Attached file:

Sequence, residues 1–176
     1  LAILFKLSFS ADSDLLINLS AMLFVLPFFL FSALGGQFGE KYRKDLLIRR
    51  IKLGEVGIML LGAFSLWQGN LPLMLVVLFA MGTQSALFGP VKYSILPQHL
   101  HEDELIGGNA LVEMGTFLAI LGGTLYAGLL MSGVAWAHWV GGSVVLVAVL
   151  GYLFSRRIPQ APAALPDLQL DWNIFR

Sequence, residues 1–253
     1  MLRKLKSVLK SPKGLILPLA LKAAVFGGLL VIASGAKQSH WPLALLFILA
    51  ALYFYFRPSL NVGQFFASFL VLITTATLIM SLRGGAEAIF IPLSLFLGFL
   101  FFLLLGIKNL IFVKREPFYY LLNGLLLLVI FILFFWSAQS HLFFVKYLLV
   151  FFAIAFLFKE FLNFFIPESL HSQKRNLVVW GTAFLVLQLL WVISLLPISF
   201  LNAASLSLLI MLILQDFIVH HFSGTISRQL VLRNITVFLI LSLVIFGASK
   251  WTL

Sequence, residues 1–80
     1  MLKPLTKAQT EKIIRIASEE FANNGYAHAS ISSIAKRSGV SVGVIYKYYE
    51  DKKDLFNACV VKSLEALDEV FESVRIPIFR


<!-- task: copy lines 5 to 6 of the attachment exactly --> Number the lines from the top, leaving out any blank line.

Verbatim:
   151  GYLFSRRIPQ APAALPDLQL DWNIFR

Sequence, residues 1–253